Key points of ectopic pregnancy
- Ectopic pregnancy refers to the implantation of a fertilized egg outside the uterus instead of inside the uterus for a normal pregnancy.
- The majority of ectopic pregnancies occur in a fallopian tube, although they can also occur in other locations such as the cervix, abdomen or ovary.
- If left untreated, this abnormal pregnancy can lead to life-threatening complications, including rupture of the fallopian tube and internal bleeding.
- Ectopic pregnancies cannot be carried to term and require medical intervention through medication or surgery to terminate the pregnancy.
- Women who have experienced this type of pregnancy are at an increased risk of others in the future. Additionally, the condition can cause damage to the fallopian tubes, potentially leading to infertility.
- Research shows that about 65% of women who have had an ectopic pregnancy obtain a healthy pregnancy within 18 months, with higher chances observed over longer times.
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What is an ectopic pregnancy?
Ectopic pregnancy is a rare condition where the fertilized egg implants and grows outside of the uterus. According to the American Academy of Family Physicians, approximately 1 out of every 50 pregnancies result in an ectopic pregnancy. About 95% of such pregnancies occur in one of the fallopian tubes. Other possible locations include the ovaries, the cervix and the abdomen.
When a fertilized egg implants in the fallopian tube (or anywhere rather than inside the uterus), it cannot grow and develop normally. The fallopian tube is not designed to support a pregnancy. As the fertilized egg develops into an embryo that grows, it can cause the fallopian tube to rupture. This can lead to internal bleeding and even death.
While rare, ectopic pregnancy can occur even with the use of contraceptive measures, such as intrauterine devices (IUDs) or tubal ligation.
The chance of a woman having a successful pregnancy after an ectopic one is generally good. About 65% of women who have had an ectopic pregnancy will go on to have a successful pregnancy within 18 months. Some studies suggest this figure rises to around 85% over two years.
What causes ectopic pregnancy?
The cause of ectopic pregnancies isn’t always clear. They can occur due to factors such as damaged fallopian tubes, hormonal imbalances, previous pelvic infections or abnormalities in the reproductive system.
Who is affected by this condition?
Ectopic pregnancy can affect any woman, but it is more common in women who are over the age of 35. Women with an increased likelihood of this type of pregnancy include those who smoke and women with a history of pelvic surgery, pelvic inflammatory disease, previous ectopic pregnancies, or certain reproductive system abnormalities.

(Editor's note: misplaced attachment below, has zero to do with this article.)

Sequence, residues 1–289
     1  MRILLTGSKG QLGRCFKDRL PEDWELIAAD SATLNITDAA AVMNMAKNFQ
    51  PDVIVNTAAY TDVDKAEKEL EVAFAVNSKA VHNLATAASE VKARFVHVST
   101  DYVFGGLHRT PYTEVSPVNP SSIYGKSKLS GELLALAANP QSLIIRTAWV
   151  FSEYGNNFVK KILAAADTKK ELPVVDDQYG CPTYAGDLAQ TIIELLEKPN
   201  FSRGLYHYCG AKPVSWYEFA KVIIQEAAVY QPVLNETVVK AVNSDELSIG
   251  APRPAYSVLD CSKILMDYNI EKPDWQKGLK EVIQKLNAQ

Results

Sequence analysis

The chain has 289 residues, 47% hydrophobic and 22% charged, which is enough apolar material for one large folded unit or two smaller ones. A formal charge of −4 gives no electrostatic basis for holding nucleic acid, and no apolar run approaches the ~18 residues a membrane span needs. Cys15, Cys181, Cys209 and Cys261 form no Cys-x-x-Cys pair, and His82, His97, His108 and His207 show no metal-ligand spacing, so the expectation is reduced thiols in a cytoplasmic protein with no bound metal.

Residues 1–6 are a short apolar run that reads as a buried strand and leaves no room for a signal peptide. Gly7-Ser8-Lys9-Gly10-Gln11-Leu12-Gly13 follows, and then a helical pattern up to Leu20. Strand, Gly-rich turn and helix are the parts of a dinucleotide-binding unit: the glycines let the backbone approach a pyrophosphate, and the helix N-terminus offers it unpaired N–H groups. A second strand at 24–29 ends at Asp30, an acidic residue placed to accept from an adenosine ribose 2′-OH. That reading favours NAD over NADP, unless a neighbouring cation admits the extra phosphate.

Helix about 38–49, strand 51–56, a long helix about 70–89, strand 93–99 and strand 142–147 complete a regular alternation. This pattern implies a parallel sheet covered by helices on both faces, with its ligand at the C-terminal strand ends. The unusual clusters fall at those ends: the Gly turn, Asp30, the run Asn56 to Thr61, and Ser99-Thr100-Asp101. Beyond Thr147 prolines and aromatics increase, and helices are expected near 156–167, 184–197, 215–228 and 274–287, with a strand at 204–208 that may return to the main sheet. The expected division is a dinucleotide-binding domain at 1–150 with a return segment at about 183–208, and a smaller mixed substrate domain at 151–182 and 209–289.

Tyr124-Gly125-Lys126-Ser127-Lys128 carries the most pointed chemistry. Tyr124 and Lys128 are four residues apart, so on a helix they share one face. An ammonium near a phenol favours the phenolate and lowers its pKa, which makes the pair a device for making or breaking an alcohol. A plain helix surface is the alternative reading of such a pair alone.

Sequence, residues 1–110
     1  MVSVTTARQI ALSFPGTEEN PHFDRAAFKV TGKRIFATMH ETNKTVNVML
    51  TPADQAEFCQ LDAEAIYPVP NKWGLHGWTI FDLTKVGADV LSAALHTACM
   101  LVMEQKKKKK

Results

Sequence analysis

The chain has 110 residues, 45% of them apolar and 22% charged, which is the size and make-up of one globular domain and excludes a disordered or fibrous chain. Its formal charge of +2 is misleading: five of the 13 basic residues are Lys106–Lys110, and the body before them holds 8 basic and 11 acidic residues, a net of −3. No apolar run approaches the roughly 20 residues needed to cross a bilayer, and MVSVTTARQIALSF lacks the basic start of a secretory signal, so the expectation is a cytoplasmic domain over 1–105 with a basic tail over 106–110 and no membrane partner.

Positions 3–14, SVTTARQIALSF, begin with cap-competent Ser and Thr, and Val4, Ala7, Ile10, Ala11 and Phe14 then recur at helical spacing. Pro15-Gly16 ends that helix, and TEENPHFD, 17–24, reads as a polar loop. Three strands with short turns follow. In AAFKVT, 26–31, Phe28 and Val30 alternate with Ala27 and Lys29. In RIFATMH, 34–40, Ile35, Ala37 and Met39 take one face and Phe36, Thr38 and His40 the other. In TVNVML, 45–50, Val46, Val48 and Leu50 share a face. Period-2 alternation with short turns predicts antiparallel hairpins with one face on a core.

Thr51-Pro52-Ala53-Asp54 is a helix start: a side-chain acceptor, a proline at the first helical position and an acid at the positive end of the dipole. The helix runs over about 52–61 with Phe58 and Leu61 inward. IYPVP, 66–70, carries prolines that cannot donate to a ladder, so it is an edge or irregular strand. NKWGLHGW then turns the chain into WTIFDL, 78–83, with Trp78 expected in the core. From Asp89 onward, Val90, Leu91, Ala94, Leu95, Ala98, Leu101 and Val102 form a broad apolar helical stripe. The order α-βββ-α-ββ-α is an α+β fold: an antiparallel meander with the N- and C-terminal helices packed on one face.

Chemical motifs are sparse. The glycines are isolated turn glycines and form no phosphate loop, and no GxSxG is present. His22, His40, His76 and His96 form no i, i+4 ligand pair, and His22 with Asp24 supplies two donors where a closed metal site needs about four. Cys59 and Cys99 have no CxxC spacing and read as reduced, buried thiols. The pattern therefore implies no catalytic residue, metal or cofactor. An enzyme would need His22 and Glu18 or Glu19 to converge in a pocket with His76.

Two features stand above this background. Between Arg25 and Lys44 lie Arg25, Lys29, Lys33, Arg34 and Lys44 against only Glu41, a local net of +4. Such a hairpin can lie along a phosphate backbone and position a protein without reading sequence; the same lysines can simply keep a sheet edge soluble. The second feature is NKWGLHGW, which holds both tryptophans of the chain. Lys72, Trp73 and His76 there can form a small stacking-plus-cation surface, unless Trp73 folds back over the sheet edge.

Ectopic pregnancy symptoms
The signs and symptoms of this condition can vary depending on the location of the pregnancy. Early signs may initially resemble those of a normal pregnancy, including missed periods, breast tenderness and nausea.
As the condition progresses, signs such as abdominal pain, vaginal bleeding, shoulder pain, dizziness and fainting may indicate a potential ectopic pregnancy.
Risks and side effects if left untreated
If left untreated, this abnormal pregnancy can lead to serious complications, such as internal bleeding, damage to the fallopian tubes and loss of fertility. In some cases, it can lead to severe complications, such as rupture of the fallopian tube, which requires immediate medical attention.
While an ectopic pregnancy may increase the risk of others in the future, many women go on to have successful pregnancies after receiving appropriate treatment and care.
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Next steps: diagnosing & treating ectopic pregnancy
Diagnosis typically involves a combination of clinical assessment, medical history evaluation and diagnostic tests such as an abdominal or transvaginal ultrasound. This is to determine where the pregnancy is developing and evaluate internal bleeding.
Ectopic pregnancy treatment
This type of pregnancy cannot be carried to term or result in a live birth. Medical intervention is necessary to terminate this pregnancy, either through medication or surgery. The goal of treatment is to protect the woman’s health and prevent further complications.
In early stages and if the condition is stable, medication can be administered to stop the growth of the ectopic pregnancy and enable the body to reabsorb it. Side effects can include nausea, vomiting, diarrhea, mouth sores and liver damage. These side effects are usually mild and go away on their own within a few days.
In cases where the condition has advanced or if there is a risk of rupture, minimally invasive surgery is often necessary to remove the pregnancy and preserve reproductive health. As with any surgery, side effects can include pain, bleeding and infection.
With prompt diagnosis and appropriate medical care, we can minimize the risks associated with the condition and optimize future fertility prospects.